Tradition seems to be a word that is shunned in contemporary society as the pressures of new technologies and media dominate our culture. As the realism and technical accuracy of the Old Masters gave way to other forms of expression - from Impressionism to Cubism to Conceptualism - Art became more open-ended than ever. Yet as we amble towards the digital future, many artists still embrace the tactile conventions of the past.
Melbourne-based painter Andrew Mezei mirrors the dedication towards naturalism that signified the style of the Old Masters. Using traditional pigments, resins and oils, Mezei creates incandescent surfaces exploring the composition of our world and our position within it. Mezei's paintings evoke not just a scene but also an emotional reaction - we are drawn into a feeling through his mastery of materials and forms.
Town Hall Gallery curator Mardi Nowak recently had the chance to chat with Andrew Mezei after his work "Dominion" was added to the Town Hall Gallery Collection.
|Andrew Mezei, Dominion (2012) 53 x 83cm, Oil on linen, Town Hall Gallery Collection.|
Mardi Nowak [MN]: Tell us about yourself! Where are you from?
Andrew Mezei [AM]: I grew up in Hawthorn, Melbourne. My parents worked from home in a leather-goods workshop, making fine handbags and wallets. They escaped Hungary during the 1956 revolution, with few possessions, but they survived and prospered on their craftsmanship. They worked very long hours, so my playground was often the workshop, which I loved.
|Antonio del Pollaiuolo and Piero del Pollaiuolo, The Martyrdom of Saint Sebastian, completed 1475, London, National Gallery|
I was always drawing cartoons as a kid, but when I was ten my mother took me to London. We visited the National Gallery there, and I stopped in front of the Martydom of St Sebastian by Antonio and Piero del Polliauolo (pictured above). As I stood in front of that picture, I knew I wanted to be an artist, and from then on I tried to paint.
[MN] How would you describe your work? What materials do you work in?
[AM] My work is about our place in the world; from both the personal perspective, and from broader perspective of the human journey, which is embedded in the story of all living things. I work using traditional materials and techniques. This way, I know the works will stay vibrant for centuries.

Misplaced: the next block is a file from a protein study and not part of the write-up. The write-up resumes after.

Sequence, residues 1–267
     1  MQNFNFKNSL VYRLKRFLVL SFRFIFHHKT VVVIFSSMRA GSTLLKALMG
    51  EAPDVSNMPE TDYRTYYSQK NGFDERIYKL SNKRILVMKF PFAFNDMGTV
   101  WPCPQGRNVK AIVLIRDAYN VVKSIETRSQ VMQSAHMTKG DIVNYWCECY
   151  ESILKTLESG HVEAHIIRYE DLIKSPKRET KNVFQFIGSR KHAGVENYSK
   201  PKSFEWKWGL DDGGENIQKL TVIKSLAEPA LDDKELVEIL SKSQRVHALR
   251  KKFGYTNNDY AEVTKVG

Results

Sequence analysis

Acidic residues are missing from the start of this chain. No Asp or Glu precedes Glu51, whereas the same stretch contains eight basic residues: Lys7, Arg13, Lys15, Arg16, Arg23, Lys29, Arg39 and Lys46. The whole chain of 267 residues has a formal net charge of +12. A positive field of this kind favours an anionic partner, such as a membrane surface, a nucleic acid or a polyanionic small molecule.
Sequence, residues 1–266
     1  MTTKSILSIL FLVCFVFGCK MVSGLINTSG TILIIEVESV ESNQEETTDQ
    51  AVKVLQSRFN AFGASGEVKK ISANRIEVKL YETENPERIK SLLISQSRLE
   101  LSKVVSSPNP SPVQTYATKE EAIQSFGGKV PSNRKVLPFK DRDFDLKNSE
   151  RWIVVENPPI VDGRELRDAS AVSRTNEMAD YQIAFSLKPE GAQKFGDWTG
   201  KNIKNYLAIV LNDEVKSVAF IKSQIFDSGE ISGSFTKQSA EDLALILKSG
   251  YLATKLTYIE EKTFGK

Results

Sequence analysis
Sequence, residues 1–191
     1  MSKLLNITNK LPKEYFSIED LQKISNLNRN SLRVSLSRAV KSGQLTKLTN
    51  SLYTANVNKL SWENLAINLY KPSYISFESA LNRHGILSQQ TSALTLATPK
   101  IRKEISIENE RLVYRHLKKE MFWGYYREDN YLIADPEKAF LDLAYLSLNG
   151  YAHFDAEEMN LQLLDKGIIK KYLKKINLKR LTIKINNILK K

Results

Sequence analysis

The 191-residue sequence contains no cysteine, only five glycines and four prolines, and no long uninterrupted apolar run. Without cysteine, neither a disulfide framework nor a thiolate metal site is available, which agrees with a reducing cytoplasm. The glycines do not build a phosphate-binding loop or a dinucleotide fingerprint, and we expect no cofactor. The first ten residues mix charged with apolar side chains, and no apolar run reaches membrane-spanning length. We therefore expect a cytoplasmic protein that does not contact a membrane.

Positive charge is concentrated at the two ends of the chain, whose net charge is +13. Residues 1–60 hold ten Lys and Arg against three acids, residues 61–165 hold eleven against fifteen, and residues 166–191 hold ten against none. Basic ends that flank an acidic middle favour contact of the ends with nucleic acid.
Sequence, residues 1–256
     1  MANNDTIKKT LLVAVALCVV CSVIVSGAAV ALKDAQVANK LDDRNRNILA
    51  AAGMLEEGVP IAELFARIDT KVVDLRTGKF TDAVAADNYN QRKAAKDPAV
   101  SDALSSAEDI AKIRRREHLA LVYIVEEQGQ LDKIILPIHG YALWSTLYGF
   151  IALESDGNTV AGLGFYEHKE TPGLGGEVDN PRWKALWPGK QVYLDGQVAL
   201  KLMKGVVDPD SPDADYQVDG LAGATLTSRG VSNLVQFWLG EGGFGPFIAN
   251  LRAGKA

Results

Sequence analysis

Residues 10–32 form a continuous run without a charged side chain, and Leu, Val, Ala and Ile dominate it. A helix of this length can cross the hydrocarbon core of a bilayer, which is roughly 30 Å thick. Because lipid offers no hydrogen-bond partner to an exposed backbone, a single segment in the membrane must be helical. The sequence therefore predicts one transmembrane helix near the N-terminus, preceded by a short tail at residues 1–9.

[MN] What attracted you to work in the medium that you do?
[AM] I like the medium because of the extraordinary beauty made possible by generations of refinement. Yet, it still allows for endless innovation.
[MN] What achievement are you most proud of to date?
[AM] I'm very happy with my portrait of Professor Penny Sackett now in the National Portrait Gallery.
[MN] If you could collaborate with another artist, who would it be and why? Who inspires you?
[AM] I would like to collaborate with two musicians; Bernie Krause an American innovator who records natural soundscapes, and Scott Dunbabin, an improvisation jazz musician who created a remarkable instrument. Both evoke the presence of a world, which I find very visual, and their music could enhance the worlds I try to create in painting.
[MN]What's your work practice like? Do you work in a studio/home? What gets you in the mood to create?
[AM] I work in a very effective little studio, but could always do with more space. As soon as I get an exciting idea, I'm motivated to paint.
[MN] Is there a soundtrack to your creativity? Do you have music or silence?
[AM] Mostly I work in silence, but towards the end of a long day I need music to keep me going; Gregorian chant, the Armenian duduk, Monteverdi. If I'm really struggling, Beethoven's Pastoral can save the day but I save that for emergencies!
[MN] What do you think people will take away with them from seeing your work?
[AM] I hope my work gives people a little space to step out of the immediacy of life, and reflect on the question of how their lives are shaped, and what forces shaped them. I feel that in most cases, we have far more options open to us, than we ever permit ourselves to consider.
[MN] Where do you want to be in 10 years time? What's your dream?!
[AM] I would like a studio on the Saphire coast perhaps, and to make stunning, powerful works designed specifically for various gallery spaces.
You can check out more of Andrew Mezei's work by visiting his website at: www.andrewmezei.com